How to keep tabs on your credit

At some point, you’ll likely want to borrow for a big ticket purchase – a home, a car, a college education, something special for you. Preparing for that day means staying on top of your credit score now.

Jean Chatzky PhotoPart of being a smart consumer is managing your credit history and credit score. Your efforts will be rewarded – a good credit score gets you lower interest rates, thus saving you money. Generally, if your score lands above 740 (on the traditional score range of 300 to 850) you’re in great shape.

So how do you keep on top of things? By getting and going over your credit report regularly. Luckily, it’s free. Several years ago, the three major credit bureaus came together to create and host a website, annualcreditreport.com, that allows you to pull one copy of your credit report from each bureau every year. Pulling one every four months means you can stay on top of your file and quickly spot any suspicious or inaccurate activity.

Once you have your report in hand, start with your personal data. Are there any mistakes? You’re looking for red flags like names you’ve never gone by, addresses you’ve never occupied or errors in your Social Security Number. If that information is correct, move on to your accounts. Make sure they are all ones that you’re aware of, and that the information is accurate right down to the credit limit, account status, balance and payment history. Finally, look at your inquiries. Every time you apply for credit, whether it’s a new credit card, an increase in your credit limit or a loan, the lender takes a peak into your credit file. Make sure that the inquiries listed on your report are ones that you are aware of – in other words, you applied for that loan or credit card, and no one was trying to apply in your name without your knowing.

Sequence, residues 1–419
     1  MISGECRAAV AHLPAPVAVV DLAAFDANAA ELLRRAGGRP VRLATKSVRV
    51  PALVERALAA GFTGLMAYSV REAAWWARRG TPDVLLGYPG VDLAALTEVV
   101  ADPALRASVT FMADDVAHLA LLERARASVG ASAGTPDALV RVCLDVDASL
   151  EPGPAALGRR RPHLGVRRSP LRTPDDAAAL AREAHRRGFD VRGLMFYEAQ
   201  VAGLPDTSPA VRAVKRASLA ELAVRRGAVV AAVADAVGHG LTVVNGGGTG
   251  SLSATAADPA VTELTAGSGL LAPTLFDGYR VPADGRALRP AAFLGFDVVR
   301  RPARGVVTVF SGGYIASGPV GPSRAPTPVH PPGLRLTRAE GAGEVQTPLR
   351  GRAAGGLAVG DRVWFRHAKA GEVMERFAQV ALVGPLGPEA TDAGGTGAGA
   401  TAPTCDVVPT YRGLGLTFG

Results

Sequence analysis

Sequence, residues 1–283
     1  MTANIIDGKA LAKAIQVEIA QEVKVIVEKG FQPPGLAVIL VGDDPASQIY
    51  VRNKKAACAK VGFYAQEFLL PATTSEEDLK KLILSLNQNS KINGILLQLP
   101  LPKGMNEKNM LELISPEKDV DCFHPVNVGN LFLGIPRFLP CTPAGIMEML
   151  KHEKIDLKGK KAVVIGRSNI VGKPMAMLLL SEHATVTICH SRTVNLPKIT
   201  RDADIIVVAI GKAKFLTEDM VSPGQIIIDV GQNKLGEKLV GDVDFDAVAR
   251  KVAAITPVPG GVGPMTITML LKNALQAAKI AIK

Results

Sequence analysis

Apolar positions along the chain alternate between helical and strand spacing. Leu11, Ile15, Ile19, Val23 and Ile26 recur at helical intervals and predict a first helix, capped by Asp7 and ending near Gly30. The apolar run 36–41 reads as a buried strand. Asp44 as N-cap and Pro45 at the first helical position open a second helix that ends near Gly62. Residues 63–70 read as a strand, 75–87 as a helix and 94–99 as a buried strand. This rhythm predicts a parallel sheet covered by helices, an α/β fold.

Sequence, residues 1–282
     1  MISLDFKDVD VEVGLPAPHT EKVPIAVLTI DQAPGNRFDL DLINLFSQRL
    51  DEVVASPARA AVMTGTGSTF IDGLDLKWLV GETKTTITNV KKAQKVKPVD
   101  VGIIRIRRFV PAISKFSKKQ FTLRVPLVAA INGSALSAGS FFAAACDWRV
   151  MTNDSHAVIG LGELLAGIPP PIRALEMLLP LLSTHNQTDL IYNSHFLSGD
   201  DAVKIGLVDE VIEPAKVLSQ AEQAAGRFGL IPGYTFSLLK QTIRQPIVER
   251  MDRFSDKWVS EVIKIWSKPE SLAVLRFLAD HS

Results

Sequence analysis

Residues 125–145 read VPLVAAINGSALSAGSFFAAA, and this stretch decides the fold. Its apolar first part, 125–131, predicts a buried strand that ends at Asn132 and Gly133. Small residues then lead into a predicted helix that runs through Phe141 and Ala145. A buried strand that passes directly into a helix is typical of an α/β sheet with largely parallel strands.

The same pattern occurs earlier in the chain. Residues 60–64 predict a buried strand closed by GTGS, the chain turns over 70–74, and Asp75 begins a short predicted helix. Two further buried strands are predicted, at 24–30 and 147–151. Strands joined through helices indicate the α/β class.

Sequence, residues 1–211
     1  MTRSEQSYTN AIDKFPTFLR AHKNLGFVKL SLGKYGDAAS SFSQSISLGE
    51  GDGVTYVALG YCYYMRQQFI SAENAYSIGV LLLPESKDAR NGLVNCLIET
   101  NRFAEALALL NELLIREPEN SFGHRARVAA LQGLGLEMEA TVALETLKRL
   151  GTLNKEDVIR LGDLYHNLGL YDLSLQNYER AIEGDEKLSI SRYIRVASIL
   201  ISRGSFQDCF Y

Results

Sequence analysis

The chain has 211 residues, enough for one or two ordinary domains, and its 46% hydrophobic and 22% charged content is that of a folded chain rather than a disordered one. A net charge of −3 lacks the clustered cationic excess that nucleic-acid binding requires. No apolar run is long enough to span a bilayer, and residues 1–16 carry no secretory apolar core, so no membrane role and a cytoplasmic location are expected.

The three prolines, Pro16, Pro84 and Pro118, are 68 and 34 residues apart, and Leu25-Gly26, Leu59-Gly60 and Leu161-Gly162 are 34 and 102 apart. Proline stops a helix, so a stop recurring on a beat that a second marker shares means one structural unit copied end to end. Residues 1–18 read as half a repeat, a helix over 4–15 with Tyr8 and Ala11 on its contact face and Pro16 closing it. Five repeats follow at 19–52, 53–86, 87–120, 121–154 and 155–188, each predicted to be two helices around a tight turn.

If you find an error, it’s up to you to dispute it. All three bureaus allow you to dispute information online, but where you can, you should also send a written letter. List all mistakes with a description of why the information is inaccurate and how it should be updated. Include any back up information, such as your account records, for proof, as well as your phone number and Social Security Number. Give the bureau 30 days to investigate. If you don’t hear back (you should receive a letter detailing what was updated on your credit report, or an email if you submitted your dispute online), follow up and keep a paper trail.

Fortunately, as an Alliant Credit Union member, you can access your credit score for free each quarter on Alliant Online Banking. After you log in, select “View Your Credit Score” from the menu on the right hand side of the screen.